During the winter surge of patients with COVID-19, hospitals had to find creative staffing solutions as nurses hit a mental and physical wall due to exhaustion, stress and grief.
As Sharp Grossmont Hospital’s patient census climbed, the team adapted their process of hiring recently graduated nurses. They hired nursing school graduates earlier than anticipated and trained them to work as nurse extenders throughout the hospital. In other words, new nurses would hit the ground running early and save the rest of their training for later, when things cooled down.
New grads, as opposed to nursing students, are licensed RNs. Basic orientation is provided on practices such as safe patient mobilization and other competencies. These additional sets of hands help to improve the nurse-to-patient ratios, among other things. Some are paired with nurses, while others perform certain tasks on their own. On days when there isn’t a shortage of RNs, new grads can help elsewhere, acting as unit clerks or nursing assistants. Beginning March 1, they’ll begin the formal cohort they had originally applied for, and the consensus is they’ve had a heck of a head start.
Lauren Hannon and Britny Archer are two of the more than 85 new grads brought on board early. Hannon, who began in late December, says she was more than ready to meet the moment.
“In the weeks leading up to being asked to come to Sharp Grossmont, I kept hearing all of these stories about hospitals struggling with COVID-19 and burnout, and I’m a proactive person who likes to be in the throes of things,” she says. “I was thinking, ‘I’m right here, I’m your girl!’”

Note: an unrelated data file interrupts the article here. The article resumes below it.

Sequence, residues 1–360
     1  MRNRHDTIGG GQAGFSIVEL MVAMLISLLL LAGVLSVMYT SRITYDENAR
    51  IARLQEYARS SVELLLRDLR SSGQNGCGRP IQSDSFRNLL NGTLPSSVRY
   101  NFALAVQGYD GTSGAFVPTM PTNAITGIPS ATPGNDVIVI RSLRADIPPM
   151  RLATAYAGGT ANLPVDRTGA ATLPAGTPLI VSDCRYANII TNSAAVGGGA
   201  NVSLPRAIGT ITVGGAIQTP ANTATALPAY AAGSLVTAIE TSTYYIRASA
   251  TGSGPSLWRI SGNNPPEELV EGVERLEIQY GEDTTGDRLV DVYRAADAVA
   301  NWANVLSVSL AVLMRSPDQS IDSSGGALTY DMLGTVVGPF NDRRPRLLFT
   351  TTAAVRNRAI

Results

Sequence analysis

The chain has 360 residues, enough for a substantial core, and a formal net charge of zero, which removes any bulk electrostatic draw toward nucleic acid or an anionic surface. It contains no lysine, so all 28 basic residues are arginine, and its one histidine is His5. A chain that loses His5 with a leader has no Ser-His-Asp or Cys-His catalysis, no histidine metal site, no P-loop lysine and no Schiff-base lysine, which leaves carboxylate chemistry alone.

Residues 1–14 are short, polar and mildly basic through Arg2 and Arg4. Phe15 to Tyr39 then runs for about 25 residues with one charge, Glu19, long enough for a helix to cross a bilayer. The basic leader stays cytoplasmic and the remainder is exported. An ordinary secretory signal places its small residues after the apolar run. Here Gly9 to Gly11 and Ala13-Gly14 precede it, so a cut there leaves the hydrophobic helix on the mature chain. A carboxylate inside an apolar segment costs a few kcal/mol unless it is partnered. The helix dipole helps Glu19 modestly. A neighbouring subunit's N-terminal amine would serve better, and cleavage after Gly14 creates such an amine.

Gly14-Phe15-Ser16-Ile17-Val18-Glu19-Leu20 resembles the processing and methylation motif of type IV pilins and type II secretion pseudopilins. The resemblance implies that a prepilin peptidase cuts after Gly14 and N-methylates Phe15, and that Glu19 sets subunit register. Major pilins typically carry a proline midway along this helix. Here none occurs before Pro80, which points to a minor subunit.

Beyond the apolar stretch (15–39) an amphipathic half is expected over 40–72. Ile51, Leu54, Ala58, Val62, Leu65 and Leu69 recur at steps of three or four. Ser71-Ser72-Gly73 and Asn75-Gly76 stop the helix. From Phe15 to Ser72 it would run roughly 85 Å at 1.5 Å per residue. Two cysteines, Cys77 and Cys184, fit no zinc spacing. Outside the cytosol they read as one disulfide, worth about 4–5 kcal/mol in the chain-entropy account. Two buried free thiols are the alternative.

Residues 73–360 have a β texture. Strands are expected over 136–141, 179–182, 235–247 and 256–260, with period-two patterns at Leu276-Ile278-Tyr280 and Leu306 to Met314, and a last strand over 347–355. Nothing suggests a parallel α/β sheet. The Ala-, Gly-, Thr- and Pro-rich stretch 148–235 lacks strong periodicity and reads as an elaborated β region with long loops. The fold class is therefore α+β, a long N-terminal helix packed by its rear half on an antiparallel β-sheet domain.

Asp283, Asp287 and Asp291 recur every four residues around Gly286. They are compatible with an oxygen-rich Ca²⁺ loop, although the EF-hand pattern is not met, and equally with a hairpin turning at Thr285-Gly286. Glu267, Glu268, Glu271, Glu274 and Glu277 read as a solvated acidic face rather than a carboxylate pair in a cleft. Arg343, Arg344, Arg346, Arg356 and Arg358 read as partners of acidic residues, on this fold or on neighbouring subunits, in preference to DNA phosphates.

Hannon’s time with Sharp actually began with the Foundations of Sharp HealthCare, where part of her work involved visiting patients. A mission to Haiti and the Dominican Republic paired her with a medical team, where she says she saw firsthand what doctors and nurses could do for people. In a few years, nursing school was her calling.
Today, Hannon works on the 3 South observation unit at Sharp Grossmont, and says starting at the hospital in the midst of a pandemic has been eye-opening and an honor to join the hospital team.
“When we were being interviewed, we were told that they were looking for people to jump in and basically become part of the cavalry,” she says. “So I came in with the mindset that I could do whatever they needed me to do.”
Archer began on 4 West in early January, coming from a skilled nursing facility. She said she was eager to get a job with a hospital, and jumped at the chance to begin early, even though she’d never heard of a nurse extender before.
“I had applied for the March cohort but they called me in December to be a nurse extender and I just said, ‘OK, I’m definitely doing this,’” she recalls.
She praised the nursing teams that she and other new grads work with, not only for their experience and skills, but also for their tailored approach to each new grad, some of whom have more previous health care experience than others.
“For others with less experience, the nursing staff made sure to check in with them to see that they were comfortable with what was being asked of them, and mentoring them along the way,” says Archer. “As busy as they were, they reassured everyone that they weren’t going to be left to figure things out on their own. And I feel good that we were all definitely able to provide them with some relief back.”
Tracy Plume, 3 South nurse manager, says the staffing model was a boon for nurses. “The use of nurse extenders was a creative and proactive way of addressing the nursing shortage during the pandemic,” she says. “These new grads were so excited to start and learn everything they could. They jumped right in with both feet and helped the departments continue to provide quality care. The departments appreciated the extra hands and help when we needed it most.”